“The administration, alarmed by communal/religious ot hatefule incitement tries to control the misinformation campaigns. It has been found that most of these misinformation campaigns start across the border, some mischievous elements pick these up and propagate it across which creates agitation in the minds of the youth. Largely, youth are more involved in most protests, rioting, anti-government activities, whether it’s the recent protest and rioting in against the defence forces brought out Agniveer scheme in Bihar, or the anti-CAA protests or Jat agitation, etc. 95% of the cases the governments resought to internet clampdown to contain the law and order problems,” said Atul Tripathi, cyber security expert.

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“The Udaipur beheading incident is case in point because social media and online reach and internet penetration in rural India is now being used by negative elements to spread their propaganda through social media live broadcast further adding fuel to youth sentiments,” said Tripathi.

IMPACT – POLITICAL, SOCIAL AND ECONOMIC LOSS

In India, IFF has filed a petition in Jodhpur high court on behalf of the Udaipur Chambers of Commerce and Industries, asking the state government to comply with the Supreme Court orders on internet shutdown. “Businesses are most affected since their finances are centred around online payments. In areas which are tourist heavy in Udaipur and Jaipur as well Uber and Ola drivers have not been able to earn money as online payment systems or apps don’t work hampering jobs and livelihood,” said Bhapat.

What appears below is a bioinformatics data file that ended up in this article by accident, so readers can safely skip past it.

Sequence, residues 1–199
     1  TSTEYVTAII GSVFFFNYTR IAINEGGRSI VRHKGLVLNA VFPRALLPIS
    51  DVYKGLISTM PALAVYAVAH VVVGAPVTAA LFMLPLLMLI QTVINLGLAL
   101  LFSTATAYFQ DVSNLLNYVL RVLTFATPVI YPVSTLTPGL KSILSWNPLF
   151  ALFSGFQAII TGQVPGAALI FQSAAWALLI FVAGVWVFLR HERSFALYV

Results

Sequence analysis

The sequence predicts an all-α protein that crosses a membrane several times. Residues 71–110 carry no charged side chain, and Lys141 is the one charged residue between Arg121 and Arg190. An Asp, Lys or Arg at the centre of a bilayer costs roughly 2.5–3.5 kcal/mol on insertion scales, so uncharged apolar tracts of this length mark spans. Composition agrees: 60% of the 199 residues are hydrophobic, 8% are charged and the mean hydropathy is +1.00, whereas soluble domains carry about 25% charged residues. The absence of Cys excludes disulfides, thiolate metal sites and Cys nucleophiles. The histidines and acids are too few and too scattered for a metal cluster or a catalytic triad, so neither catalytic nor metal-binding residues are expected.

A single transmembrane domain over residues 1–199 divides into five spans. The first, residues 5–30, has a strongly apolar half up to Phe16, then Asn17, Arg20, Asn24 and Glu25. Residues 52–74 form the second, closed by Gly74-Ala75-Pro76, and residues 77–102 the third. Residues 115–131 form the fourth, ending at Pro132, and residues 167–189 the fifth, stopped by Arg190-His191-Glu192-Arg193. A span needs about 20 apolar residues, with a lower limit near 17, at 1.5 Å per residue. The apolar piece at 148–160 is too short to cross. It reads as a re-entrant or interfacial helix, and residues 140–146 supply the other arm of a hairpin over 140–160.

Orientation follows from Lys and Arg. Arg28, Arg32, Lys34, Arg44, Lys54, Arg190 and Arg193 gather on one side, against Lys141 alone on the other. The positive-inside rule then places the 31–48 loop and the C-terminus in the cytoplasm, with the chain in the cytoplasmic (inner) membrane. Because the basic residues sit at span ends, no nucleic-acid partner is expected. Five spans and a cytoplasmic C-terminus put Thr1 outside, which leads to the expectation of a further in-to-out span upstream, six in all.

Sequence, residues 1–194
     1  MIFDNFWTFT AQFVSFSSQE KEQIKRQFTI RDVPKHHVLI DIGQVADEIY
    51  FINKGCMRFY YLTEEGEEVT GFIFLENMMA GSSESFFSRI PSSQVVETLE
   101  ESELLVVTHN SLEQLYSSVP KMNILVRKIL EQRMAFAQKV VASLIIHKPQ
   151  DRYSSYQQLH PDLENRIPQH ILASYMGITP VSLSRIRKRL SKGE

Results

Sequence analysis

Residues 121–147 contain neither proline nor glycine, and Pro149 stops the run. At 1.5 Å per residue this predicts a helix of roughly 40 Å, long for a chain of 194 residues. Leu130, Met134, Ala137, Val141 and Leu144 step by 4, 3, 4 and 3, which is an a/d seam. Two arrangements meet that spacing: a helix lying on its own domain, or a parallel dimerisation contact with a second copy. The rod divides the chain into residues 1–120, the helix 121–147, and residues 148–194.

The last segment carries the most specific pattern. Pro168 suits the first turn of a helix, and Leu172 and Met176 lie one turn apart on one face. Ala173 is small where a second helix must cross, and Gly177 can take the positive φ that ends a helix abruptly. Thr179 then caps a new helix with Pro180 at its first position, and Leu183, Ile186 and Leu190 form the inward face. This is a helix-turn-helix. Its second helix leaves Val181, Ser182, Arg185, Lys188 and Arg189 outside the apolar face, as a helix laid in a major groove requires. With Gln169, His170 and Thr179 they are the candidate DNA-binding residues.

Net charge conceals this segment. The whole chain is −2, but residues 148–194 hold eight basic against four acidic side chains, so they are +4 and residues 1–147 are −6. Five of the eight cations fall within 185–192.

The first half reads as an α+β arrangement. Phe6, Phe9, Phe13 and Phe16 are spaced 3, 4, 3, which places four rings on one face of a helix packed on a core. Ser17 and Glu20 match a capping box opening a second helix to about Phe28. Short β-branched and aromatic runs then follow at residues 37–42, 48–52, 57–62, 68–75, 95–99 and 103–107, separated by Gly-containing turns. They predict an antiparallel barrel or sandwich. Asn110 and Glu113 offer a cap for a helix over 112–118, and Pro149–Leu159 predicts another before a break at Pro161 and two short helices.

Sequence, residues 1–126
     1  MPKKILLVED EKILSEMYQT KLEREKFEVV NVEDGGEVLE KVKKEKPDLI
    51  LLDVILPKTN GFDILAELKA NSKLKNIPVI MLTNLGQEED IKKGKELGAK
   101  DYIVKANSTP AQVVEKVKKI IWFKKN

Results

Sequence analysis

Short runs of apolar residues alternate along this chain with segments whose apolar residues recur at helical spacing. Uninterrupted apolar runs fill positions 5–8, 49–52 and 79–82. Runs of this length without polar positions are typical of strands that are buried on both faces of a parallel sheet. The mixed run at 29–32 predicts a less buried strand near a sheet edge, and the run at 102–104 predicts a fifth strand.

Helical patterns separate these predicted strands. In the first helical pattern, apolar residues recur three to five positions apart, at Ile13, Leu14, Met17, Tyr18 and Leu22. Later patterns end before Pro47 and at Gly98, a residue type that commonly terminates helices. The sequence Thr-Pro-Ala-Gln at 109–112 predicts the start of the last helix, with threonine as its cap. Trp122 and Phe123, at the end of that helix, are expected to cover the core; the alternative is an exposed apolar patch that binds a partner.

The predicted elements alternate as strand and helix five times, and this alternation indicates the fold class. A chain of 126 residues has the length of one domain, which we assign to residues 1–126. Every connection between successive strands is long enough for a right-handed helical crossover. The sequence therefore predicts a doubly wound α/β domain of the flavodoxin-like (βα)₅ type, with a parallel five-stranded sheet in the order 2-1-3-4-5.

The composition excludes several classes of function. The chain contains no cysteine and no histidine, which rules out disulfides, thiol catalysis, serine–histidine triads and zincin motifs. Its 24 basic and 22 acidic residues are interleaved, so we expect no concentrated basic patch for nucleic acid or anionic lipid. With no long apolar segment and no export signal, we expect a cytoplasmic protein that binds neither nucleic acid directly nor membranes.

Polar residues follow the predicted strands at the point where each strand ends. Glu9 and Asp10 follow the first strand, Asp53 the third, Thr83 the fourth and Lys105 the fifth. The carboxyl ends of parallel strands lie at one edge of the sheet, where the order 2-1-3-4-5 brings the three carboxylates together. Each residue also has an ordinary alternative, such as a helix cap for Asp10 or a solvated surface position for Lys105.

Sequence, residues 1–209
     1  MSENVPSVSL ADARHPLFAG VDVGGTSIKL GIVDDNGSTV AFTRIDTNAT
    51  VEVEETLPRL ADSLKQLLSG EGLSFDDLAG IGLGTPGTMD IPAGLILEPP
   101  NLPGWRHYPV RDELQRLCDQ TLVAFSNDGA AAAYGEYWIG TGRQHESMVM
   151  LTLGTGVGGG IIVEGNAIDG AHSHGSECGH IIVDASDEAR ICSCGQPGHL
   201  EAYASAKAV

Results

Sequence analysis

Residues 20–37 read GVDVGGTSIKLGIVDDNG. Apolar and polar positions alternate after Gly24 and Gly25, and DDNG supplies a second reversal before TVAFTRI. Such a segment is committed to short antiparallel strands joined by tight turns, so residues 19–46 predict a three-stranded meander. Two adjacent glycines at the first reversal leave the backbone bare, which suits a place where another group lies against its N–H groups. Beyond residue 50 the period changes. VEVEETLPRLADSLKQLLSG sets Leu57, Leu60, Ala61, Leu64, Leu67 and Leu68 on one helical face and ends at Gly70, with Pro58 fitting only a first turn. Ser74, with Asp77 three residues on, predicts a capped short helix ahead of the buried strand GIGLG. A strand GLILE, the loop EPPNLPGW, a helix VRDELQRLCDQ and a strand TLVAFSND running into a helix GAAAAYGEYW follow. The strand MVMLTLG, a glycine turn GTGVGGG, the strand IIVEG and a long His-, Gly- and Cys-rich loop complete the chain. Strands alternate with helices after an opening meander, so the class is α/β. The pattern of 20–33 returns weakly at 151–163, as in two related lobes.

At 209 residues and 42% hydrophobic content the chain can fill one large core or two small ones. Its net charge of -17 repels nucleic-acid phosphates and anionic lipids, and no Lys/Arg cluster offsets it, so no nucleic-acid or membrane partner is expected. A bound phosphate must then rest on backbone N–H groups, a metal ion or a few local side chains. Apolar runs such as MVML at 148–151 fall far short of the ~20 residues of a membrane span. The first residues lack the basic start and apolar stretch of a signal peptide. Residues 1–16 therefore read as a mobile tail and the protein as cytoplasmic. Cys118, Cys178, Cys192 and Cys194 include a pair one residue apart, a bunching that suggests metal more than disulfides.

India’s internet restrictions also accounted for more than 70% of the total loss to the global economy in 2020, as per reports. Statista data shows in 2019, India’s forced internet blackouts lasted well over 4,000 hours leading to losing over USD 1.3 billion third in the world’s most economically affected countries, after Iraq and Sudan. The World Bank recently calculated that internet shutdowns in Myanmar alone had cost nearly USD 2.8 billion from February-December 2021, reversing economic progress made over the previous decade. As such, the report warns that the full economic impact is likely to be much higher than the stated figures.

INTERNATIONAL SUPPRESSION OF INTERNET FREEDOM

In 2022, when Russia began its invasion of Ukraine, the world watched, as unsurprisingly, Russian officials displayed little hesitation in blocking Facebook, Twitter, and Instagram. After the Kremlin’s invasion of Ukraine as well as restricting website access to the international news networks such as the BBC, Deutsche Welle, and other American and European news networks, Russia claimed this was in reaction to Facebook’s discrimination. While banning social media platforms curtails the public’s options when it comes to communicating about the war or their dissatisfaction with Putin. The restrictions also impart a warning to other platforms about the consequences of going too far in removing Russian media outlets from their networks.

ALSO READ | Section 144 imposed across Rajasthan after protests break out over shopkeeper’s murder